Voice Data Recovered From Ukraine Jet Downed by Iran

PARIS (Reuters) -
A view of the flight recorder from the Iranian-missile-downed Ukraine International Airlines (UIA) Flight PS752 Boeing 737 jet, as work begins at the BEA investigation bureau in Le Bourget, France, Monday. (Twitter @BEA_AERO via Reuters)

Investigators examining the black boxes from the Ukrainian jet accidentally shot down by Iran have recovered its cockpit voice data, France’s BEA accident investigation bureau said.

Iranian forces say they brought down the Ukraine International Airlines (UIA) jet, a Boeing 737, on Jan. 8 after mistaking it for a missile amid heightened tensions with the United States. All 176 people aboard Flight PS752 were killed.

“CVR data – including the event itself – has been successfully downloaded,” the BEA said in a tweet on Monday, referring to the cockpit voice recorder from the downed jet.

The BEA did not elaborate on the content of the audio, which records the pilots’ verbal communications and other cockpit sounds. The release of any further information is a matter for Iranian authorities leading the investigation, a BEA spokesman said.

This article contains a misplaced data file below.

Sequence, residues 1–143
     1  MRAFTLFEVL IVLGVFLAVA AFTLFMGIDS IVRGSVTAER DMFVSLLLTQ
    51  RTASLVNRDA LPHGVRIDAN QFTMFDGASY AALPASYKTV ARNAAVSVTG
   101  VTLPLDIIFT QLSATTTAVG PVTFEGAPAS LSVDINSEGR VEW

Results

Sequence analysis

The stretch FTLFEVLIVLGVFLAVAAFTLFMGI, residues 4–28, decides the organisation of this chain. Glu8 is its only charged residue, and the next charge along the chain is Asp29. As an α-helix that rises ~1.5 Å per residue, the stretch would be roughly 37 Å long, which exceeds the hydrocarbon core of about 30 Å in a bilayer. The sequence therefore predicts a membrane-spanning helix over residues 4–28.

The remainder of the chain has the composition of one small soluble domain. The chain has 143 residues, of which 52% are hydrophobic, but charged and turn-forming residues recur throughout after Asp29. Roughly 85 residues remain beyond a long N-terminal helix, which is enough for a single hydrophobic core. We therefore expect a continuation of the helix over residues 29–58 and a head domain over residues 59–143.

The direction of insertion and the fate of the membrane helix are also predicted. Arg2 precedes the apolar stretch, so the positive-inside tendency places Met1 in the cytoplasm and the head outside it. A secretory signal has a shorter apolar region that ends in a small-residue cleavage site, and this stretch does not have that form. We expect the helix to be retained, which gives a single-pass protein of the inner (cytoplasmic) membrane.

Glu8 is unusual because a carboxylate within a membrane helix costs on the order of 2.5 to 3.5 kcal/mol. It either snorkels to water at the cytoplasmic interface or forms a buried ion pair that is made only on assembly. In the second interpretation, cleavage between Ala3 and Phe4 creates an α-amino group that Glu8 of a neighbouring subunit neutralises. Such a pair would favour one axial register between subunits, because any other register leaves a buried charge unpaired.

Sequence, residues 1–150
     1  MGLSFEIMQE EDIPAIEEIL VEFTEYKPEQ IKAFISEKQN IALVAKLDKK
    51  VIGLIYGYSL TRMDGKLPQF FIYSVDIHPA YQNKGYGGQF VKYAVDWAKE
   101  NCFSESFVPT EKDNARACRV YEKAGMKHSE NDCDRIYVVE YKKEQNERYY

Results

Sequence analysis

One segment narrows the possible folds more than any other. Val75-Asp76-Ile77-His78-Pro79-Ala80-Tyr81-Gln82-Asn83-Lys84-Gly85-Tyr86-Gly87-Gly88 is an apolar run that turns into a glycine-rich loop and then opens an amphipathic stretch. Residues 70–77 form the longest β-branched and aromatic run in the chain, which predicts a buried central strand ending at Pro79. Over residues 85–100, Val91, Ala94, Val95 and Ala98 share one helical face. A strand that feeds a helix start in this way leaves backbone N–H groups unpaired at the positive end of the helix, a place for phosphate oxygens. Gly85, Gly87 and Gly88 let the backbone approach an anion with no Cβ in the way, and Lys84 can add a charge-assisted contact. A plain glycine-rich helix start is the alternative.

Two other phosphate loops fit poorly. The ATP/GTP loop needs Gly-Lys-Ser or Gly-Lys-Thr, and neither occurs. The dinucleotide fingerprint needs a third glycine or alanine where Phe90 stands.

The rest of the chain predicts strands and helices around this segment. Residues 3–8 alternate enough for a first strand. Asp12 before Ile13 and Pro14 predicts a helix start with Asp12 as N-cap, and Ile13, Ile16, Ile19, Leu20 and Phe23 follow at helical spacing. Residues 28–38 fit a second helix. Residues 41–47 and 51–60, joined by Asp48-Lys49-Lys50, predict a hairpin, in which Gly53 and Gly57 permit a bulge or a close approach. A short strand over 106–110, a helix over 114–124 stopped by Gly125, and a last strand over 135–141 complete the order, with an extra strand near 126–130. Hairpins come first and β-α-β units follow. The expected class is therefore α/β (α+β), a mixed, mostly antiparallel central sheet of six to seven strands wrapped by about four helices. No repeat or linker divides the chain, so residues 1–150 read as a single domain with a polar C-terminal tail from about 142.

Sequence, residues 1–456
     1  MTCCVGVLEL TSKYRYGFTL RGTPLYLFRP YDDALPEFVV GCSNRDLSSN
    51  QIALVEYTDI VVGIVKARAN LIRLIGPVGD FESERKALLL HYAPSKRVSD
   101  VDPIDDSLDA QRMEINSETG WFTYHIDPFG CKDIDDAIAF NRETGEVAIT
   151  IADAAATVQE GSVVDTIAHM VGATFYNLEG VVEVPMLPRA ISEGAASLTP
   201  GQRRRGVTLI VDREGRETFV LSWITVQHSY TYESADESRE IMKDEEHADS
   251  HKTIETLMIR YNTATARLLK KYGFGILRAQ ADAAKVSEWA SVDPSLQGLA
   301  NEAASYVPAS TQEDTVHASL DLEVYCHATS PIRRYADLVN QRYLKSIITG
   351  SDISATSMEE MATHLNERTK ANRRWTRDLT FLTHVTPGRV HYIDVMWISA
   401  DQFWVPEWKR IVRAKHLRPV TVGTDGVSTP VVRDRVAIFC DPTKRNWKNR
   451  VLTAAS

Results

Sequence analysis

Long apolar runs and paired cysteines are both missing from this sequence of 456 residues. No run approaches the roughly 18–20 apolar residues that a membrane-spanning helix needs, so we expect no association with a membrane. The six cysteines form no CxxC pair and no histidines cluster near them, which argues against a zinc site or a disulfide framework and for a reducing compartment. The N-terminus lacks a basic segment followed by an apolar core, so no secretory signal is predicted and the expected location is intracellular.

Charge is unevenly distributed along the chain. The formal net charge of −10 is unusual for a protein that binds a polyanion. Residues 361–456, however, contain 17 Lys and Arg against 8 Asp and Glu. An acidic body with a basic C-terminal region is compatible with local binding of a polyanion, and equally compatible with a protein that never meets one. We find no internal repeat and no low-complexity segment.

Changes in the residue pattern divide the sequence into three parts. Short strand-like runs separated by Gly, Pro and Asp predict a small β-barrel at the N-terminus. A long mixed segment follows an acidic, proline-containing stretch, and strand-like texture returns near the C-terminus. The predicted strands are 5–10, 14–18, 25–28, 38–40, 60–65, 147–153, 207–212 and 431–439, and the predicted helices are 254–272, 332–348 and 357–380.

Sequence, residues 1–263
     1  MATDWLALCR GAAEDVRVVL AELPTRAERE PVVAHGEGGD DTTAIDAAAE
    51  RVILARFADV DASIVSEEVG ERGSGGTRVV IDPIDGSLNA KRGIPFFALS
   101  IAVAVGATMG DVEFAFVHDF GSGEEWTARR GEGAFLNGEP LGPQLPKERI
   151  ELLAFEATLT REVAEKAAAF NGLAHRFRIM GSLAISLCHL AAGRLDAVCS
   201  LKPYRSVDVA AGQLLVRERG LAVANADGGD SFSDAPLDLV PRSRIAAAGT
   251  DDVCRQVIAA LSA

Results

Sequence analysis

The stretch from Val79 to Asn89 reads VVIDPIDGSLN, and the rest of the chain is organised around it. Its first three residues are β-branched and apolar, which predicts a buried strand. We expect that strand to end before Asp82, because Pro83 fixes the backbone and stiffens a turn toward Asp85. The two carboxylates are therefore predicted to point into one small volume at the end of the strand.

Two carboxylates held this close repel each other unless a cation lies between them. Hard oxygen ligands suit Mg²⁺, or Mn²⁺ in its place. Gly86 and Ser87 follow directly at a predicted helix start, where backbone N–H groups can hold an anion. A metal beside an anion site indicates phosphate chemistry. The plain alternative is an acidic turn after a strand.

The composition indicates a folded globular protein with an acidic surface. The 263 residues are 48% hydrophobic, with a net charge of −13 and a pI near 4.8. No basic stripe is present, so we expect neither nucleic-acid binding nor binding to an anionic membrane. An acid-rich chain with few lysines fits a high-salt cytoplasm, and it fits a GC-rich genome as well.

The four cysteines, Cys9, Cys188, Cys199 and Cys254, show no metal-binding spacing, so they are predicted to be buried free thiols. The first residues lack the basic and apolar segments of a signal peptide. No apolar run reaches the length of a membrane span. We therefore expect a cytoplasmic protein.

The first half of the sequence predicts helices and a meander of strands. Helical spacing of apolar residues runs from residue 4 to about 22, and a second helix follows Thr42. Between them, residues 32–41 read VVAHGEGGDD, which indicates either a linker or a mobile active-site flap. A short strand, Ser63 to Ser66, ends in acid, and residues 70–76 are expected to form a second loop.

The data extraction, expected to take most of this week, is being carried out with an Iranian investigator and observed by Canadian, U.S., Swedish and British experts and representatives from UIA, Boeing and engine maker Safran.

Iran agreed in June to send the black boxes to the BEA for analysis, ending a long standoff with Canada, Ukraine and France over access to the data. Work began early on Monday at BEA headquarters outside Paris.

Many of the crash victims were Canadian citizens or permanent residents, or had Canada as their final destination.

An interim report by Iran‘s Civil Aviation Organization last week blamed a misalignment of a radar system and lack of communication between the air defense operator and his commanders for the tragedy.

Ukrainian President Volodymyr Zelenskiy said on Monday he welcomed Iran‘s decision to hand over the black boxes, saying those responsible would be held accountable.